The first and most important mattress suture is oriented vertically inside the nose and horizontally outside the nose. The vertical orientation snugs the endonasal lining into the apex of the valve, hopefully recreating a properly functioning nasal valve. The cutaneous part of the mattress sutures is oriented horizontally or parallel to the relaxed skin tension lines for cosmetic considerations. The sutures are tied over a Freer elevator and thus are loose enough to accommodate the expected tissue swelling. There is no intranasal packing or dressing. A routine external dressing of paper tape and plaster casting material is used. The cast is removed in 5 days, and the mattress sutures are removed 1 week later. Very rarely, swelling may be excessive and the sutures can burrow into the skin, necessitating early removal of the sutures. This complication occurred in 2 of the cases in our series.
All of our patients benefited, to varying degrees, both cosmetically and functionally. There was subjective improvement in nasal breathing in all patients. One patient required dermabrasion at the mattress suture sites, where swelling had buried the suture in the skin. There was a good deal of inflammation when the sutures were removed prematurely on day 5.
Because we did not identify any patients with the keel nose deformity who did not have collapse in the valve area, the correction must address both concerns. Keel deformities are only one of the situations in which valve abnormalities occur.
A few patients do not consider the excessively narrow nose a cosmetic problem. Intrinsic to our recommended correction is a postoperatively broader nose. Although the patients may have preferred the narrower nose, the improved nasal function has resulted in satisfaction in all cases. Two patients in this study required a second procedure for what we consider a less-than-precise technical execution. In both cases, there was a failure to size the lateral extent of the graft, which caused a slight bowing. This complication could have been avoided by trimming the graft or developing a more adequate superolateral pocket.
It is clear that the keel nose deformity with lateral wall collapse is the consequence of surgery, and it is equally clear that the functional component is aggravated by time and aging. There are numerous approaches to correcting valve problems,4-7 but in our experience they fail to improve both the functional and the cosmetic keel nose abnormality. The popular use of spreader grafts,8,9 which may improve the narrow appearance, has little long-term effect on improving nasal function other than minor valve problems. Correcting the cosmetic keel nose abnormality without addressing the functional valve collapse fails to provide optimum treatment. Our recommended correction of the nasal airway difficulty has the added benefit of addressing the keel nose cosmetic deformity.
The most common and consistent predisposing factors in a majority of the cases in our series are previous rhinoplasty procedures (2 or more), significant hump removal at the first procedure, relatively short bony-to-cartilage ratio in the nasal vault, periosteal tunnels developed prior to lateral osteotomies, and severing of endonasal mucosa with resection of the upper lateral cartilages from the septum. Another predisposing condition occurs when the primary procedure is performed endonasally (Figure 4). Our recommended method of correction uses a properly sized conchal cartilage graft placed between the remaining cartilaginous midnasal structural vault and the elevated skin flap.10 This properly shaped and fashioned conchal cartilage graft is remarkably like an intact bilateral upper lateral cartilage (Figure 5). The septal cartilage, which is the keel portion of the deformity, must often be brought down to accommodate the increased height of the dorsum, which is caused by the conchal graft. This correction results in a more appropriately shaped nose.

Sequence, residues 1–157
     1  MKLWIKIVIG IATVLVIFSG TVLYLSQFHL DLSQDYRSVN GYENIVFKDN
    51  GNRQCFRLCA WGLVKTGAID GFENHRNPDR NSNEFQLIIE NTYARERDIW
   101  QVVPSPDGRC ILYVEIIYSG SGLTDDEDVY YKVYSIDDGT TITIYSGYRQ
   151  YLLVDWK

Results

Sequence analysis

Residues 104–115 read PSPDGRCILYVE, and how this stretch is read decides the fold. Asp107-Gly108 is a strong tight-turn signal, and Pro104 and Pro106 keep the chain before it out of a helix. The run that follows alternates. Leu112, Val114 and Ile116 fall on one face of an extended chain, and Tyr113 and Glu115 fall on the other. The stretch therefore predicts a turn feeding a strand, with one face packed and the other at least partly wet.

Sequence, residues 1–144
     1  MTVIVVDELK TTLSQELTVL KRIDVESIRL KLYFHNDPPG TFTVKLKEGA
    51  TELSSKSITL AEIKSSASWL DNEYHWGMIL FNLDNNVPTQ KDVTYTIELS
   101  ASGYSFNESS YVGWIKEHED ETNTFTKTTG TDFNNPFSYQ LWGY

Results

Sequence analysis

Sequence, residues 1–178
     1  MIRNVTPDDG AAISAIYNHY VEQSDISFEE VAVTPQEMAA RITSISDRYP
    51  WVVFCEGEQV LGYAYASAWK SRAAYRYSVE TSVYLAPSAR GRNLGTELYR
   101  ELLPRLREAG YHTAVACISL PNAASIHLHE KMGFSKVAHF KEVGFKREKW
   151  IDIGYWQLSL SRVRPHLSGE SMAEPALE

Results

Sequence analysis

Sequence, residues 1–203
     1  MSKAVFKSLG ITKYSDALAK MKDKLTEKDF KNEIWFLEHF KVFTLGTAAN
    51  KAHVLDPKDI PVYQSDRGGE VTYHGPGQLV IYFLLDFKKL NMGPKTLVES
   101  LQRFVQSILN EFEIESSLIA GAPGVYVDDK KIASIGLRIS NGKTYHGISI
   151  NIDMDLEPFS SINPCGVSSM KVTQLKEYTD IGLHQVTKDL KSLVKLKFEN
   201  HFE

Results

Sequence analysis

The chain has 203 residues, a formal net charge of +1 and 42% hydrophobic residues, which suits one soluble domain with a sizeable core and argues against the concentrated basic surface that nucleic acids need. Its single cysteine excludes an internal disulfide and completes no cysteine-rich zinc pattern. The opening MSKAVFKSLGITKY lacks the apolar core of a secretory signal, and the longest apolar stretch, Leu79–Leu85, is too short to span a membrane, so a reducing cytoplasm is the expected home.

The integrity of the lateral support of the upper lateral cartilage is essential to create a valve angle that is sufficient for a normal airway. Severing the upper laterals from the cartilaginous septum often destroys the rigid integrity required to maintain a valve angle that is sufficient for a patent nasal airway. Spreader grafts lateralize the upper lateral cartilage 2 to 3 mm (the width of the graft placed), but do little to change the flaccidity of the lateral nasal wall. Inspiration creates a relative vacuum intranasally, which continues to collapse the nasal wall, in spite of the 2- to 3-mm lateralization of the upper lateral cartilage. Our experience with spreader grafts is that minor to moderate keel nose deformities can be improved markedly in appearance but that any significant airway improvement is rather rare. The flail lateral nasal walls are not significantly changed functionally with a cartilage shim at the angle. It is our contention that to consistently reconstruct the valve angle and support the upper lateral cartilage, structural support is required over the septum. To address both the functional flail lateral nasal sidewalls and the inordinately narrow (keel) nose, we recommend the placement of a conchal cartilage overlay graft (Figure 6 and Figure 7).
To repair the keel nose deformity, conchal cartilage is harvested and fashioned so that it mimics the intact upper lateral cartilages. Our recommended surgical intent is to recreate the integrity of the preoperative anatomy.
The cartilage is shaped first with a No. 15 blade and completed with a diamond fraise wheel abrasion. This procedure permits the perichondrium attached to the posterior aspect of the graft to remain intact, thus optimizing the rapid assimilation of the cartilage graft. By thinning the periphery of the graft, the likelihood of a visible or palpable ridge is greatly minimized.
Reconstructing the graft is an important step, as it recreates the upper lateral cartilage. It must be placed cephalic to the lower lateral cartilage. We use 2 to 4 percutaneous mattress sutures not only to firmly fix the graft in place, but also to coapt the tissues. This precludes a lamina of blood accumulation above the graft, which could lead to resorption of the cartilage or thickening of the lateral nasal wall. These sutures are routinely removed approximately 10 days after surgery. The technique described herein is effective in correcting the 2 major problems of cosmetic and airway obstruction. We have used this technique in 47 patients, with excellent results.
Accepted for publication December 17, 2001.
Corresponding author and reprints: Fred J. Stucker, MD, Department of Otolaryngology–Head and Neck Surgery, Louisiana State University Health Sciences Center, 1501 Kings Hwy, Room 33932, Shreveport, LA 71103-4209.